Bryson Tiller returns with his Sophomore album True to Self. This was a very enjoyable album to listen to. In aspects of comparing it to Trapsoul it is definitely not a slump at all. He still provides us with the same transparency that we got in Trapsoul and the same high quality sound. Bryson takes us on a journey telling a story of what life has been like for him since Trapsoul changed his life.
Hewwo everyone~! ^^ My name is Georgia, and I’m nearly 17. I’m from Perth, Western Australia, and an newly exploring my Bisexuality (or what I think to be).
I am quite initially quite shy and reserved until you get to meet me, and once I become comfortable, I am incredibly quirky, outgoing and weird. XD I am, however, pretty moody and sensitive, so I apologise for that super unappealing factor. I am a serious dreamer, a definitive hermit and a wannabe poet - although I often go by derogatory midget names (cause of my sad 4'9 height).
I adore literature, watching movies (particularly horror), classic rock music, exploring, and writing. I also love anime, makeup, art, photography and surfing the internet. Shoutout to meh precious kitty cats - yes, I am the official ‘crazy cat lady’. XD
Dun be afraid to message - I’m only a very awkward potato! XD My official Tumblr is; @justalonesomepotato
Lukas sits in the diner down the street
from his Computer Studies class and eats his burger, drumming his fingers on
the table. He hates Tuesdays now because his and Philip’s schedules are exactly
opposite, and they don’t get to see each other until late because Philip’s History
of Photography class runs until seven.
He texts Philip. Thinking about me in class?
Always Philip replies, a
moment later. You eating dinner?
Lukas picks at his fries, dipping one into
the ketchup. He types out a response with one finger. Sadly. Lonely. We only get three hours together tonight before we have
to go to sleep.
Lukas sighs, wishing it was Friday
already. On Friday they both only have two classes early in the morning, and
then they have the whole weekend off.
We’ve got date
night Thursday. Then Friday and the weekend are all ours :)
I’ve always been different from others. I’ve seen things since i was about 7. i live in a small town in the middle of the USA, I’ve always hated the upstairs of the house i live in and i slept down stairs till i finally got the nerve to move into a extra room for privacy reasons when i was 11.I hated the closet and I didn’t really enjoy being in that room but i had to deal with it. my first nights in this room were uncomfortable. i was laying in bed and both nights i woke up at 2:56 a.m. The first night i didn’t think anything of it other than i noticed my bear was across the room and not in bed with me. So i got up and retrieved him and went to sleep. the second night I woke up to what i thought was my cat scratching my door wanting in but i looked at the door and the shadow was not that of an animal. i stayed awake the rest of the night. after that i just experienced little things and i met my best friend who I’m going to name her lila for security reasons. but lila and i had met at school and she was one of the few who knew of things that happened for she had her own experiences with it. i had just gotten a new laptop for my 12th birthday that year and it had a voice command thing on it.her and i were surfing the internet and we eventually grew hungry and bored so we asked to go to McDonald’s. I left my computer on thinking nothing would happen but when we returned we saw that in the search bar was the name Elizabeth Marrie saldia. We were both fearful for note the fact. everyone was gone and no one was home while we were gone. things grew slowly very weird after that. not only me but members in the household started hearing things and also saw things. My grandmother didn’t want to believe it as much until the day i was down in the car and lila and her were yelling up the stairs for me while seeing a similar figure at the top of the stairs. i didn’t know what was taking them so long until i decided to walk back up to the house and tell them to hurry up. when they heard my voice they turned and looked at me in shock and looked up the stairwell to tell me they saw someone upstairs. we immediately rushed up there to find the intruder but found nothing.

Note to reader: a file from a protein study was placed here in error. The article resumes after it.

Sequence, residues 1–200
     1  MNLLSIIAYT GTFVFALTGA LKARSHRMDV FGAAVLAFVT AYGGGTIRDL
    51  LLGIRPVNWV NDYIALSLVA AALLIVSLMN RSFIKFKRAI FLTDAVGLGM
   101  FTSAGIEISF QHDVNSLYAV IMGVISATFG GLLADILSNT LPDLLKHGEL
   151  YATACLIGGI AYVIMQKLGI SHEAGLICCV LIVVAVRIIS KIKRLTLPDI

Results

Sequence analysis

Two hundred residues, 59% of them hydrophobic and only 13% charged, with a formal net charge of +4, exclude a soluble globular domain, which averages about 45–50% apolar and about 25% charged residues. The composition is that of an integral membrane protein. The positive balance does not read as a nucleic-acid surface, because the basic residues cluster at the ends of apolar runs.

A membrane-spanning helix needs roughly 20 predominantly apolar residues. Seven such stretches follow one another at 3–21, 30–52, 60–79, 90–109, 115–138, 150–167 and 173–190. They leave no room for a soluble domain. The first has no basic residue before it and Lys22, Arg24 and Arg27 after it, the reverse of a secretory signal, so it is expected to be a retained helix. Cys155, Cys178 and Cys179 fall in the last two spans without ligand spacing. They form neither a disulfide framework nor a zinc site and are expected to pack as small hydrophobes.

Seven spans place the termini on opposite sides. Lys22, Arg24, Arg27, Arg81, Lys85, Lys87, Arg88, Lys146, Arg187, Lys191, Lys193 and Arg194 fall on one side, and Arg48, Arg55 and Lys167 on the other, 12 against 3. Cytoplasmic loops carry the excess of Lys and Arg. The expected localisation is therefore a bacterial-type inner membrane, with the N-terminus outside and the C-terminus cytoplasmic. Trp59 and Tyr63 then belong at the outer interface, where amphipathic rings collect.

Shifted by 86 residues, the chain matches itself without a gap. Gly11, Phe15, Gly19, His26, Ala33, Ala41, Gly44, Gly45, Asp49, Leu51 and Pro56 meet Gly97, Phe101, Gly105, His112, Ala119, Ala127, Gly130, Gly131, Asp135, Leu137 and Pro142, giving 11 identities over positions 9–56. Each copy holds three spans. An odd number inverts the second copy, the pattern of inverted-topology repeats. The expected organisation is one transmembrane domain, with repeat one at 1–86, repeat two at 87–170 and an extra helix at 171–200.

Art wants you for the long haul. Pace yourself. An athlete is old at thirty-four. Artists are catching their stride at sixty.